United States v. Thompson, No. 11-50081 2013 WL 4574398 (9th Cir. Aug. 29, 2013)
Who says lawyers are not creative? Prosecutors find ways to fit square pegs into round holes. Defense attorneys find ways to label a round peg a square. In this case, the defense called a square a square.
Defendants Clinton Thompson, Tavrion Dawson, and Samuel Eton were convicted of bank larceny. 18 U.S.C. § 844(h)(1) imposes a mandatory ten-year consecutive sentence on anyone who “uses fire… to commit any felony.” The government argued that using a thermal lance– a tool designed to cut through metal using extreme heat – is using fire. Under the guise of this statute, the defendants received the ten year sentence enhancement. The defense argued that the extreme heat caused by the thermal lance did not constitute fire as contemplated by the statute.
The court examined the tool’s mechanics to reach its holding. The pistol grip connects to an oxygen tank on one end and a hollow steel alloy pipe on the other. It regulates the flow of pressurized oxygen from the tank through the cutting rod. The operator squeezes the pistol grip to start the flow of oxygen and pulls the rod across the striker plate to create a spark. The spark ignites the oxygen, causing the tip of the cutting rod to change from a solid to a liquid that can cut through metal. The defendants even sprayed the ATM with water to avoid any risk of a fire.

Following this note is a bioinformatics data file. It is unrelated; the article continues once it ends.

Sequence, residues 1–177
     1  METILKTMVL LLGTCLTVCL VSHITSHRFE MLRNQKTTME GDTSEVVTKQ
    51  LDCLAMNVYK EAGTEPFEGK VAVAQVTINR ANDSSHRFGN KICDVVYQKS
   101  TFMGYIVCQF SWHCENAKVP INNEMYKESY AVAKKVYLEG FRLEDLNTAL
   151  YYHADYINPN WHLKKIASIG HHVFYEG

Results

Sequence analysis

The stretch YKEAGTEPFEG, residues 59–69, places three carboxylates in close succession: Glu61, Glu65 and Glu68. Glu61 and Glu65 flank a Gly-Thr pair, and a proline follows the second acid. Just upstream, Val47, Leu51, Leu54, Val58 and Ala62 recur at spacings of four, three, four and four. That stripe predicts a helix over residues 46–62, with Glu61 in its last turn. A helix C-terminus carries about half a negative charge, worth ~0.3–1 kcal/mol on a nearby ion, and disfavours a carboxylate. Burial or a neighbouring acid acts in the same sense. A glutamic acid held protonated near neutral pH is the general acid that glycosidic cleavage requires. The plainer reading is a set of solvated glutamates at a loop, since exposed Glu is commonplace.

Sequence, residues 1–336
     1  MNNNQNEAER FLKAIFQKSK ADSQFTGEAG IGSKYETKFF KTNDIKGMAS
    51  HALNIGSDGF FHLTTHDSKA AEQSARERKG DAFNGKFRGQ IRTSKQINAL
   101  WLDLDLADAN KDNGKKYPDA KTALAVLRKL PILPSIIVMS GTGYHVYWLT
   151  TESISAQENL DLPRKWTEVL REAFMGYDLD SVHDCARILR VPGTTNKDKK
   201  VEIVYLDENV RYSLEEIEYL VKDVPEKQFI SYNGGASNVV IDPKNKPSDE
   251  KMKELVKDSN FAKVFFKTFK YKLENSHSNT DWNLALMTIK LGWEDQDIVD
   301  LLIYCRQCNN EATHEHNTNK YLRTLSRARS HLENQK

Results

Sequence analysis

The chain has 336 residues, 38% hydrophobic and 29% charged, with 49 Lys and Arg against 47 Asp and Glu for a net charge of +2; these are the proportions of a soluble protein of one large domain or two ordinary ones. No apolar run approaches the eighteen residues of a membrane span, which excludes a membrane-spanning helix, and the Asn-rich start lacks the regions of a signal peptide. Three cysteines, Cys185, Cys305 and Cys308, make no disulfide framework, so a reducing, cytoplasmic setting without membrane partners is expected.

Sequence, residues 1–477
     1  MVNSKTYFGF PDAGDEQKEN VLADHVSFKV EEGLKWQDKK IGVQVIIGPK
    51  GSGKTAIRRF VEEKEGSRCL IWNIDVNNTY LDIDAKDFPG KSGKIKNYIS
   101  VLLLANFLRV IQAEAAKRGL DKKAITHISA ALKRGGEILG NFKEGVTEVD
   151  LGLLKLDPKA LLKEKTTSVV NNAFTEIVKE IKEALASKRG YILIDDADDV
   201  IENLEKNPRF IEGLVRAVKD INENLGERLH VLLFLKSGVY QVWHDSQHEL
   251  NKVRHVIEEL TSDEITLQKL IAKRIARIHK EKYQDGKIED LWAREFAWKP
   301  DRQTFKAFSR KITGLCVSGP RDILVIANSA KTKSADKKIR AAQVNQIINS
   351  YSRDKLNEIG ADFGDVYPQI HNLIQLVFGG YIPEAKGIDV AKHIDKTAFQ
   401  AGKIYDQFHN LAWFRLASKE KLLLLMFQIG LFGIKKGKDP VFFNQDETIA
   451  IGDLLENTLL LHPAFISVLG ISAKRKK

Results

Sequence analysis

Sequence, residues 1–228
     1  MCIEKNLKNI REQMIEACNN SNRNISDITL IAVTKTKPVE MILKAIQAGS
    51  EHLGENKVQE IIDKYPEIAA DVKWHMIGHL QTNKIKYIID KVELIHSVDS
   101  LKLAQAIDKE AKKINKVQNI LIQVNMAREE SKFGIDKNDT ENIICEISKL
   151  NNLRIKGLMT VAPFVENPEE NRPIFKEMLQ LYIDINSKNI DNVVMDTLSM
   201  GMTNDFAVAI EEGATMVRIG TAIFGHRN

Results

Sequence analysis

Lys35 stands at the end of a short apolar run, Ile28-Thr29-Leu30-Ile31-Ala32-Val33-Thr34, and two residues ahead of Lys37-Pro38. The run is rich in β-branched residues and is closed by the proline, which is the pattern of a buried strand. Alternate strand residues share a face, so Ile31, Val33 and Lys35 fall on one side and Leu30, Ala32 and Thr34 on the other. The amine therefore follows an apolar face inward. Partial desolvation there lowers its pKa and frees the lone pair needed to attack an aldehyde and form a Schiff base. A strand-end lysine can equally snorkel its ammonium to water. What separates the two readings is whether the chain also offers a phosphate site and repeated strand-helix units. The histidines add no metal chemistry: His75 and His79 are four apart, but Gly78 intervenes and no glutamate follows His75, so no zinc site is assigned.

The Ninth Circuit held that the common meaning of “uses fire” does not include simply burning by heat, but refers to flames that burn in a sustained manner. The thermal lance instructional manual explained that it used heat and not fire. The court found that sparks are not fire and, even if they were, they were not used to commit a felony but were incidental to the use of the thermal lance.
The Ninth Circuit reversed the defendants’ convictions under § 844(h)(1) and their conspiracy convictions. It vacated the sentences on bank larceny counts and remanded for re-sentencing. Sometimes a square just doesn’t fit.